The old lumberjack always strode with a purpose. But not today. Today the world clawed at his soul. As the gruff Swedish immigrant trudged up the hill to his family farm, tears rolled down his cheeks. The date was December 7, 1941, and Axel Gustafson had just heard the news of the attack on Pearl Harbor. His sons would be going to war.

My dad was one of those sons. He never forgot the tears of his outdoorsman father. He learned that men with true strength cry too.

King David cut the mold for ruggedness. As a youth he’d killed a lion, a bear, and then of course Goliath—and no, he didn’t use a rifle to do it. He would become the man of whom Israelite women sang, “Saul has killed his thousands, and David his ten thousands” (1 Samuel 18:7). Yet, as the warrior poet, David also displayed an artistic side. In 1 Samuel 20 we read the bittersweet story of David and Jonathan’s friendship. When it became clear that Jonathan’s father King Saul intended to kill David (1 Samuel 20:30-33), the two had an emotional farewell. “Both of them were in tears” (1 Samuel 20:41).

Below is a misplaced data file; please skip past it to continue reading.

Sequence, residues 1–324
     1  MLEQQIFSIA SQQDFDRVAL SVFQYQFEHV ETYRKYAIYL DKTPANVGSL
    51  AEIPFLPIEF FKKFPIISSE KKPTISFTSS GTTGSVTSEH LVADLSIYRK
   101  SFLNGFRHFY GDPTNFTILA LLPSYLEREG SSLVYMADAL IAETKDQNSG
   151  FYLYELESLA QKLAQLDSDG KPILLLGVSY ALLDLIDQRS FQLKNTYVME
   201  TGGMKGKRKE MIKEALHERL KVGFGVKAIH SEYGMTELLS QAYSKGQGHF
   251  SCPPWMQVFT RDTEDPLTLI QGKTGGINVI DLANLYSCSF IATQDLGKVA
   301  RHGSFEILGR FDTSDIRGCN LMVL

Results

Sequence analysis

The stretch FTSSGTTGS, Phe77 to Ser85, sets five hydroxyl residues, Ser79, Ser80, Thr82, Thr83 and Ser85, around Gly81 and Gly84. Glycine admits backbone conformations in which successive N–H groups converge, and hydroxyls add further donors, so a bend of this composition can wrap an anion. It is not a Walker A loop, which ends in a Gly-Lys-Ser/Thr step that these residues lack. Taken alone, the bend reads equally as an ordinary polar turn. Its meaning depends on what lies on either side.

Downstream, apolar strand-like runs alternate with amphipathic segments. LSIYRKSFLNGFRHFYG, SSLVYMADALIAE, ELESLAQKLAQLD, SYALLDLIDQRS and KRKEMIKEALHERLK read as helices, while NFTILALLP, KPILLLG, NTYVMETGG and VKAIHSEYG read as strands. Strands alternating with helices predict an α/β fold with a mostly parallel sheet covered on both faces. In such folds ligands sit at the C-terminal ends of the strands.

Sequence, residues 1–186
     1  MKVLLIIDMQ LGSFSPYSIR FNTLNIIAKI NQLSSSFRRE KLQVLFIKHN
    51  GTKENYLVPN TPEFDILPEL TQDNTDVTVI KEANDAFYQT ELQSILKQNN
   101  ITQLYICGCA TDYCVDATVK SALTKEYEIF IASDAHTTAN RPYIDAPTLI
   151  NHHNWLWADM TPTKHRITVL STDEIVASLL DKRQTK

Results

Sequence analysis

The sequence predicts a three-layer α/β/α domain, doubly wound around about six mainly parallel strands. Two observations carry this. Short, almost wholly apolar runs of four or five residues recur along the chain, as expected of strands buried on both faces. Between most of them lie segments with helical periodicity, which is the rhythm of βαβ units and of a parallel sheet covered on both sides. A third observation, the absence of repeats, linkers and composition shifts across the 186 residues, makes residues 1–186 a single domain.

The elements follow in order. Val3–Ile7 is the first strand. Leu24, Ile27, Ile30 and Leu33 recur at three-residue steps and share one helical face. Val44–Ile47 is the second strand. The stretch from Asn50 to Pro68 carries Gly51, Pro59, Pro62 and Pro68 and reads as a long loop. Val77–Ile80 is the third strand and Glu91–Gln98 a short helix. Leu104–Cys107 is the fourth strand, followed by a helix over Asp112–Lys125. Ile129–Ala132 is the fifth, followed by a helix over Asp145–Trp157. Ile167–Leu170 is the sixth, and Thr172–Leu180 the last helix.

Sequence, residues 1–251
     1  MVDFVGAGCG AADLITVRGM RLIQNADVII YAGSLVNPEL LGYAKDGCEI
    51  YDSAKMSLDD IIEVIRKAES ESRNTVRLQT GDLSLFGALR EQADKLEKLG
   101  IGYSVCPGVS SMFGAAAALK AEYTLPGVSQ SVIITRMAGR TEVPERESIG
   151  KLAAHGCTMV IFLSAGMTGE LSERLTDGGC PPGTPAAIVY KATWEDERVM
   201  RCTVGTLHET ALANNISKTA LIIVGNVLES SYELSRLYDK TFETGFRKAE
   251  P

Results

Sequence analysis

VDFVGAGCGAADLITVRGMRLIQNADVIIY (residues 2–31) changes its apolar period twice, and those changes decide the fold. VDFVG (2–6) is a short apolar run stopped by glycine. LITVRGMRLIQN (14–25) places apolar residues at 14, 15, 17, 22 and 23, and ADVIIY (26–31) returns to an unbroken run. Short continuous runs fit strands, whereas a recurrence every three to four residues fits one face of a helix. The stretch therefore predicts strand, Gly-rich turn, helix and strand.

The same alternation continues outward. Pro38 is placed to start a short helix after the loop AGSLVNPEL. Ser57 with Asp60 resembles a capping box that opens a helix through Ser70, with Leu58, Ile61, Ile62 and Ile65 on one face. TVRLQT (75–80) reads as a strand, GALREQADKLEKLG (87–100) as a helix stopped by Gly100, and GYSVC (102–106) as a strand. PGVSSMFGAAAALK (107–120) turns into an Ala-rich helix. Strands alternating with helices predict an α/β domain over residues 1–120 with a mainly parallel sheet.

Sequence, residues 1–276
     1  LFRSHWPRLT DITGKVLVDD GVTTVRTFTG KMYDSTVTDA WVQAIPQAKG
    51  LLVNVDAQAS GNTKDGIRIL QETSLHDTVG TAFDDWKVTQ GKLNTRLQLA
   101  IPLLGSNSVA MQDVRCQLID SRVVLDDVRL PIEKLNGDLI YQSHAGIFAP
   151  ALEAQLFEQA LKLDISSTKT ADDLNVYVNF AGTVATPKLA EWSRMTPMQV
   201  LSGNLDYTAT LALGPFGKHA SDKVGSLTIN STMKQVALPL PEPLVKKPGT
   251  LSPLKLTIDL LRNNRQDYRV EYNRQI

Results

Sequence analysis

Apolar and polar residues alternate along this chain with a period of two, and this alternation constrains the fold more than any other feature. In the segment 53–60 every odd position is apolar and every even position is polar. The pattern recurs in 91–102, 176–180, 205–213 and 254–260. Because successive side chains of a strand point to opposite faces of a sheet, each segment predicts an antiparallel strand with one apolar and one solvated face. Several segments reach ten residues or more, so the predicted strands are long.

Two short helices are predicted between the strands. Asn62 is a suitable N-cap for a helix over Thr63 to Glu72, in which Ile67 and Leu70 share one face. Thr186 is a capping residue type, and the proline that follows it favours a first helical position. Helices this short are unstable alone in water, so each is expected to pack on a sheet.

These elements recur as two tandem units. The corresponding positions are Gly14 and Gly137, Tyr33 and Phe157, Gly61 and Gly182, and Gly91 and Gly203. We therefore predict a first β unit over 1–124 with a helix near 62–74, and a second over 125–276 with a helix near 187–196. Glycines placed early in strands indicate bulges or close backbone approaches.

It’s not only a male trait to suppress tears. Women can also cling to stoicism. “I don’t cry,” a female friend told me. Yet the pain in her life was obvious to anyone who knew her.

The ultimate example of a man with true strength was Jesus. He cried over Jerusalem because it would reject Him (Luke 19:41). He cried at the grave of His friend Lazarus (John 11:35). He endured such emotional turmoil the night before His crucifixion that “his sweat fell to the ground like great drops of blood” (Luke 22:44). Jesus freely showed His emotions.

Our emotions are a gift. They reflect the image of a God who gets angry at evil, and who loves us with all His heart.

NLT 365-day reading plan passage for today: 1 Kings 3:16-28